Is Mission Local agreeing with Trump’s plan to lower corporate taxes?

  5. People who vend need to follow the law. It doesn’t matter how the park was formed or got started. Maybe requiring a health permit seems silly, but it won’t be very funny when one of your kids eats something bad or spoiled and gets really sick.

    I agree with enforcing dog leash laws too. If your dog is on a leash, and another dog is running free, that dog could come right up to your dog and rip it to shreds. What are you going to do? The rangers need to keep that sh*t tight.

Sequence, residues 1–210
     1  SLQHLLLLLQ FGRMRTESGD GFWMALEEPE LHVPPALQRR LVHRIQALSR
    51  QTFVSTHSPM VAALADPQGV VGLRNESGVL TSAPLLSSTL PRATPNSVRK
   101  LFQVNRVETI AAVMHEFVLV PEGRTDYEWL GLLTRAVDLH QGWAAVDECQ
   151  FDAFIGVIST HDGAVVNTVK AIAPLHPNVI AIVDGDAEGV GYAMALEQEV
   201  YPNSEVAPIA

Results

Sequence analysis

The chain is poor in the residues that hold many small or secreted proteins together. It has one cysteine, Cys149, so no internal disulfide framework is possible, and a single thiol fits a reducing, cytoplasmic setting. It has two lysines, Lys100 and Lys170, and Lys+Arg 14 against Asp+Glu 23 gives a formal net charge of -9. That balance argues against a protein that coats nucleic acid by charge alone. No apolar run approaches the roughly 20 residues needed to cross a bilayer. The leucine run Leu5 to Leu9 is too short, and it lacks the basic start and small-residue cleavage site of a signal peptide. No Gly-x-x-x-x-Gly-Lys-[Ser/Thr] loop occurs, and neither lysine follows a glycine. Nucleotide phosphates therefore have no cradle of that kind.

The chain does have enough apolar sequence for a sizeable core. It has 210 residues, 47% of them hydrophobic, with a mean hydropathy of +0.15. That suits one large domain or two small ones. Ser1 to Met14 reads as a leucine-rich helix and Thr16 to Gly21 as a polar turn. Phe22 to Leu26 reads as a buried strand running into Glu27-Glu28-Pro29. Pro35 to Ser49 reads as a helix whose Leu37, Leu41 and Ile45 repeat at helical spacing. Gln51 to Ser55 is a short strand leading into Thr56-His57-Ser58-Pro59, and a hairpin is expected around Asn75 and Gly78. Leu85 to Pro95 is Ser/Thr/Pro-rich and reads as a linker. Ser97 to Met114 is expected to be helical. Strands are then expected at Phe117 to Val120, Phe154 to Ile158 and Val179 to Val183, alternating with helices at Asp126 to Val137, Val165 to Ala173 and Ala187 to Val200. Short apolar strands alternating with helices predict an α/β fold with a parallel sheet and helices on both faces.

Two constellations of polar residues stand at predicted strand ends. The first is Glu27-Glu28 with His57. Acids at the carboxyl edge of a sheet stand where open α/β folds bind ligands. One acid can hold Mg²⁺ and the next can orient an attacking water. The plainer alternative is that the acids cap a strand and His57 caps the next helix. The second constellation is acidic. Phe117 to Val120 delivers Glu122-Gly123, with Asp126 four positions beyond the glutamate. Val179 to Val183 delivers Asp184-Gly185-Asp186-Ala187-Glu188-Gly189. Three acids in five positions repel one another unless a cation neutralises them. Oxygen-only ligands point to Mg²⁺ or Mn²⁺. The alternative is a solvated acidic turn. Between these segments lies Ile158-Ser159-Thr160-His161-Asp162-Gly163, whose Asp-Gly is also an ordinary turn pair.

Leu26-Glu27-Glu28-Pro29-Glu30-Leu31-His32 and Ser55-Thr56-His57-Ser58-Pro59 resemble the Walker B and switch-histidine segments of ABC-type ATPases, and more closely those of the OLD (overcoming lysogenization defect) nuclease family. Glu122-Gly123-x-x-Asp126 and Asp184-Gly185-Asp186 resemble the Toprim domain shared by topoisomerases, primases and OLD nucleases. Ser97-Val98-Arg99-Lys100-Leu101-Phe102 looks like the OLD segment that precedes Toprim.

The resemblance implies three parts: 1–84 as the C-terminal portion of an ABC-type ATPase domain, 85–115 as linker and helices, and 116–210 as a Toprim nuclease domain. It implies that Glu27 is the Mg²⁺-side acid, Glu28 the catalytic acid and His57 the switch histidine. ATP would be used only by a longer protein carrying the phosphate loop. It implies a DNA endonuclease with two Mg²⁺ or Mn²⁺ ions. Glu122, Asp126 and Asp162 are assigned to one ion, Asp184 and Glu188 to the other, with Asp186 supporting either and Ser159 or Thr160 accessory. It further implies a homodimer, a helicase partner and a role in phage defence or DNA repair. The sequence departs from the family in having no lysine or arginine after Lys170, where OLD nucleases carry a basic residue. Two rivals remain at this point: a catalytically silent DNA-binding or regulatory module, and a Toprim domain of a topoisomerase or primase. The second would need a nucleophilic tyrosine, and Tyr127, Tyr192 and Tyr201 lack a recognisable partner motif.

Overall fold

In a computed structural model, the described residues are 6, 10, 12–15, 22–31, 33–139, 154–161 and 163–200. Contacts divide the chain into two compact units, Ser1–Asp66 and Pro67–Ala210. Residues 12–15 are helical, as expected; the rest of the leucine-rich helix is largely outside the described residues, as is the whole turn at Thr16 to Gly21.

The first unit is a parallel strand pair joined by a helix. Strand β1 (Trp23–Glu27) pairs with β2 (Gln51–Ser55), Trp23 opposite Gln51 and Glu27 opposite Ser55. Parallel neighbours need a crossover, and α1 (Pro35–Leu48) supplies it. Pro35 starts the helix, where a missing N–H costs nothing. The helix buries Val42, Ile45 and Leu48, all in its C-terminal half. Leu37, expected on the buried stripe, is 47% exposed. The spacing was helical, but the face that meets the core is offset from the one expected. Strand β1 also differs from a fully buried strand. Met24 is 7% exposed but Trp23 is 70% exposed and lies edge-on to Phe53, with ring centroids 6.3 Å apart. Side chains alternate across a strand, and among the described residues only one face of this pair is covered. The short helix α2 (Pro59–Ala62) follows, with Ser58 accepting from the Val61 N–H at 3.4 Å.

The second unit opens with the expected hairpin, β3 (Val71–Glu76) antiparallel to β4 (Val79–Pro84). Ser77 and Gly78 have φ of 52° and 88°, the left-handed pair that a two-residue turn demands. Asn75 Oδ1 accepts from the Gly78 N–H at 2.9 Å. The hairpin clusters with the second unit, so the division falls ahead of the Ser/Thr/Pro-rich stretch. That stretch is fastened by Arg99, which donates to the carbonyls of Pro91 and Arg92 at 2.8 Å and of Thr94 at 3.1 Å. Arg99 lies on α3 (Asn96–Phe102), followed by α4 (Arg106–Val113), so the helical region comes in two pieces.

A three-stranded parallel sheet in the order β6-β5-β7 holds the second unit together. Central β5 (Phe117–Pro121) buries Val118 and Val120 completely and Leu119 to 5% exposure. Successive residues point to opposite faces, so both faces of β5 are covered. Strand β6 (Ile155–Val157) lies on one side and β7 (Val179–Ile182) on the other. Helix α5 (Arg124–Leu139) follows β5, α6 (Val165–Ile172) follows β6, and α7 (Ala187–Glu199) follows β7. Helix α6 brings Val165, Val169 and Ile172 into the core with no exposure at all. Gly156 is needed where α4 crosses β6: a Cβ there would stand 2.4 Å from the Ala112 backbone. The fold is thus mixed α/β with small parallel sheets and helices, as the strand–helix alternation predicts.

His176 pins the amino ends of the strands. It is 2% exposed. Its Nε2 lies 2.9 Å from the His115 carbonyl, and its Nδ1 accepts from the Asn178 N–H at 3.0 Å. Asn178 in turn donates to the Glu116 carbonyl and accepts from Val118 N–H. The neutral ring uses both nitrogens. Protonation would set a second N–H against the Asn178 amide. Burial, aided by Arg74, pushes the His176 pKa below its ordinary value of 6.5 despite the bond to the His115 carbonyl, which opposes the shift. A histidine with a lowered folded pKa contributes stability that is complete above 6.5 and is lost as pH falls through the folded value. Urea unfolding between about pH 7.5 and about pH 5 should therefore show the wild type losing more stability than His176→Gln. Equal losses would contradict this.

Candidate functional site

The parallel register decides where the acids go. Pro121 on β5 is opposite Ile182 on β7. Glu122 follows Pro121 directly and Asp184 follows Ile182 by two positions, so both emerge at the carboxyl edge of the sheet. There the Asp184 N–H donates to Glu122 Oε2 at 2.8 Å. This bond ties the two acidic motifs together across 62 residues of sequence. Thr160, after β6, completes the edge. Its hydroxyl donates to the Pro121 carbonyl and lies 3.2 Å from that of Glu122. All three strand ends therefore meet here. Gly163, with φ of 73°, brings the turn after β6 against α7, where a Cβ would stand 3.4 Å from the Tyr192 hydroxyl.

6. Thank you Nancy Pili and Marilyn Duran. Appreciate your broad minds of compassion and equity.

  7. The law is the law, and the Mission is fairly law-less when it comes to many things. I applaud the SFPD for taking action against unlicensed vendors in our public parks. Besides, there are negative health effects for high-fructose corn syrup consumption (let’s be honest, obesity is a huge problem for local youth) and demoralizing amount of trash discarded after consumption of these illegally-sold items.

  8. This is the legacy of Ed Lee. (RIP). The tech bros can do anything they want in Dolores Park. The dog owners let their animals tear up plants, leave waste, and break the rules, but let a hard working paletero in Chan Kaajal park and they’ve got a Latino toy cop giving him a $200 ticket. Its time to say that Ed Lee messed up San Francisco, and no streets or buildings should be named after him..